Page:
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Article
October 1940

NORMAL BLOOD PRESSURE

Author Affiliations

MINNEAPOLIS

From the Division of Biostatistics, Department of Preventive Medicine and Public Health, University of Minnesota.

Arch Intern Med (Chic). 1940;66(4):848-850. doi:10.1001/archinte.1940.00190160065006
Abstract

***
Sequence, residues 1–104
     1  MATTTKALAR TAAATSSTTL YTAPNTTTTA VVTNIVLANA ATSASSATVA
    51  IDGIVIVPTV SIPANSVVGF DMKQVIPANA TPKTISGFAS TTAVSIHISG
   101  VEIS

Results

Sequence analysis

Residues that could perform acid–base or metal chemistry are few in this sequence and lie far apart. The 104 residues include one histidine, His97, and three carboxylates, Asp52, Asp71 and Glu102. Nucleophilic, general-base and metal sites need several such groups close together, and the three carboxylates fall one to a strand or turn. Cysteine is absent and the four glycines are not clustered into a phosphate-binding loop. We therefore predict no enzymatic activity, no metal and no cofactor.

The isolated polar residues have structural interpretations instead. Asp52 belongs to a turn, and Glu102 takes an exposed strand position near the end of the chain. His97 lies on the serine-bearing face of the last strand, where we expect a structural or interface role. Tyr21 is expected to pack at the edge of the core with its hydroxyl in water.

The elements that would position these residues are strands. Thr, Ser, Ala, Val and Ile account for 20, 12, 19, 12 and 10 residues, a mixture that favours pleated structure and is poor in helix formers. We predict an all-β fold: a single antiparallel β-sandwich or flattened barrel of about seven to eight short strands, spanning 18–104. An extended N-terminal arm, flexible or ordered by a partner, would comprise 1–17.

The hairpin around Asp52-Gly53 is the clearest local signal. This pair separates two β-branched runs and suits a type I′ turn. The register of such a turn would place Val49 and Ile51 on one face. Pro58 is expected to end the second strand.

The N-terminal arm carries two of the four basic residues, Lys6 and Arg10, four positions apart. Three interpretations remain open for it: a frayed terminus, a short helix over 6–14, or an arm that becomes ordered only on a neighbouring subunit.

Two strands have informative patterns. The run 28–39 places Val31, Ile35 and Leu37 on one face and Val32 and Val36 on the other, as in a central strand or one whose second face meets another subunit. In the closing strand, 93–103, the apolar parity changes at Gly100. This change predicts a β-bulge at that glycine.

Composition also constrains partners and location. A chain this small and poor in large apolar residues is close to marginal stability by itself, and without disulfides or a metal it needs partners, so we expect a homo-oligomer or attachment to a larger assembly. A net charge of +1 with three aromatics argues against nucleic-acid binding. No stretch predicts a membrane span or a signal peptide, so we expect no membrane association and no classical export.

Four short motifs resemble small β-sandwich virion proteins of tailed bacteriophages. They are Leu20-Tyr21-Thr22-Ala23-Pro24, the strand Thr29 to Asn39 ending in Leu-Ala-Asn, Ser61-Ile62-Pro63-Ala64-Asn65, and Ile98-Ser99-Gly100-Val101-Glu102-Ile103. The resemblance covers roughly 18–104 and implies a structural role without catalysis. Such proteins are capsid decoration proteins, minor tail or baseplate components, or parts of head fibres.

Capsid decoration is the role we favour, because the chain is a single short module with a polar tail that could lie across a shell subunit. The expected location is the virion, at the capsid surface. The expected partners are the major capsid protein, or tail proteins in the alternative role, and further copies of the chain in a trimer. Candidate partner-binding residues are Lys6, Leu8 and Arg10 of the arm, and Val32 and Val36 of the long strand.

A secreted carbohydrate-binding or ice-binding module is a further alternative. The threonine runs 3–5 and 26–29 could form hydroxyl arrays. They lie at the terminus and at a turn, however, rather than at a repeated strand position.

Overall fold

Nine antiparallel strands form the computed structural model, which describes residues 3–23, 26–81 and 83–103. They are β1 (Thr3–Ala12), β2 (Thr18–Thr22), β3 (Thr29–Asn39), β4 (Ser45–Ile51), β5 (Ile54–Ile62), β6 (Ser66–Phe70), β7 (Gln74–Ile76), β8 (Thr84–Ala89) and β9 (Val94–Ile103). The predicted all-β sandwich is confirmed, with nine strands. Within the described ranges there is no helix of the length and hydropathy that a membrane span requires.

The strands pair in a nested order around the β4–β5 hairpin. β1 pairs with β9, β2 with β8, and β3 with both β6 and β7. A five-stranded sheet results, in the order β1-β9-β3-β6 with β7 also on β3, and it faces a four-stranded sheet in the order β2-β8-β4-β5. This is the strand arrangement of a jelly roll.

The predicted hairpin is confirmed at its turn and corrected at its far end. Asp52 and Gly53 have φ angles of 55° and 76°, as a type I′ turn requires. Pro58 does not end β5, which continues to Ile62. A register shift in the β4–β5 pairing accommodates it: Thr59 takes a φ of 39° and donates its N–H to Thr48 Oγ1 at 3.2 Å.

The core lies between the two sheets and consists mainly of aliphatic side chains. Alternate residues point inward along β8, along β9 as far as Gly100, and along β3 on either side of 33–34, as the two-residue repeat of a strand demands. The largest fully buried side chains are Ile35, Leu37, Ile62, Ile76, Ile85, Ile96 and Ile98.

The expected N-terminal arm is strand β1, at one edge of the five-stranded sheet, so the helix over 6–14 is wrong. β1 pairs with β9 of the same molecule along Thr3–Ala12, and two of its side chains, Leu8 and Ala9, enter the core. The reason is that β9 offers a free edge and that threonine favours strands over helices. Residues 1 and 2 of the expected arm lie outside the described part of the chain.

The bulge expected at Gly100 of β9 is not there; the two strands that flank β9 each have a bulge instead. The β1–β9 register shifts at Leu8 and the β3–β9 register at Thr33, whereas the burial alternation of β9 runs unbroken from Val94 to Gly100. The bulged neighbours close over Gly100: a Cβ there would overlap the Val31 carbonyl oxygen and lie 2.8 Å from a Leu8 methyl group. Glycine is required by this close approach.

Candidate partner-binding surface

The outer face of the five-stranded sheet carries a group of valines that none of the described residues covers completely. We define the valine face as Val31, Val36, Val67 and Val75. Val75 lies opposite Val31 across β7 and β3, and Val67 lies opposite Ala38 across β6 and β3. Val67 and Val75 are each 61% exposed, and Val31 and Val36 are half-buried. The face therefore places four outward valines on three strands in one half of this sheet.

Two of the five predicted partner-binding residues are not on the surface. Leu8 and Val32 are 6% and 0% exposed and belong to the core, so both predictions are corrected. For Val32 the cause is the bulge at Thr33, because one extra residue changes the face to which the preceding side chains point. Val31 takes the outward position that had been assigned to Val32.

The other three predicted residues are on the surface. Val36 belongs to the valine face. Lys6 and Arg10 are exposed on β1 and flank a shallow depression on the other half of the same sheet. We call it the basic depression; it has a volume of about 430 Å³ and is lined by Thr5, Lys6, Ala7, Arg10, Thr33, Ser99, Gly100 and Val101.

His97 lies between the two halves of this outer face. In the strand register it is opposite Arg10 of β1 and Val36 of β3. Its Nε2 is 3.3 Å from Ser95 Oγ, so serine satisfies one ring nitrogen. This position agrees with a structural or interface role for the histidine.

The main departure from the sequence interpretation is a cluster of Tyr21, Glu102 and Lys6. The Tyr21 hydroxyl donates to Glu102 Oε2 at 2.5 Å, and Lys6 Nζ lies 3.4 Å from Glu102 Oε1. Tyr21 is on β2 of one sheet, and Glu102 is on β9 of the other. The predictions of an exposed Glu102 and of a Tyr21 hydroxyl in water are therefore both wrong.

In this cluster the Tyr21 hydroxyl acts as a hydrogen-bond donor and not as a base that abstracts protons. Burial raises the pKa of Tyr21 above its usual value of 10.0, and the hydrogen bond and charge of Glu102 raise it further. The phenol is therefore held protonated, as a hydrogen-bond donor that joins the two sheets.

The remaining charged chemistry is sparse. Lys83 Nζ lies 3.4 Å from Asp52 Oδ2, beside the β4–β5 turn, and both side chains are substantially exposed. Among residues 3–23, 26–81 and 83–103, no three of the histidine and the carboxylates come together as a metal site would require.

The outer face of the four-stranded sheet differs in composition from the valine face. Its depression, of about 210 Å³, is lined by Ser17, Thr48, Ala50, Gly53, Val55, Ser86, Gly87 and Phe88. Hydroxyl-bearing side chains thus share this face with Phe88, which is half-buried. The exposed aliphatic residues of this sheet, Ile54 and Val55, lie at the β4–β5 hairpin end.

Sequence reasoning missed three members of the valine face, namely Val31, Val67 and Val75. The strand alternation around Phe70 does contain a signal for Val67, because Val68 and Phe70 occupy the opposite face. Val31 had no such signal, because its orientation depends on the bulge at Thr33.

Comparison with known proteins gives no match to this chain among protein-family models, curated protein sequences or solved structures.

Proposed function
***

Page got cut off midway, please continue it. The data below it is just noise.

A discussion of the range of normal blood pressures has been presented recently by Robinson and Brucer.1 The authors have wisely emphasized the need for more accurate standards in judging the normality of any blood pressure level shown on clinical examination. In the paper of reference they essayed to provide such standards, based on "an exhaustive statistical study of 7,478 men and 3,405 women selected at random." Disregarding the possible clinical soundness of their deductions, it cannot be agreed that their method of analysis of the data is statistically sound. The study appears to have been characterized both by biased selection of the basic data and by application of frequency curve probablity values to distributions which certainly do not follow the function used. It is the purpose of this note merely to point out a few of the statistical errors that affect the validity of the conclusions. Unfortunately mere

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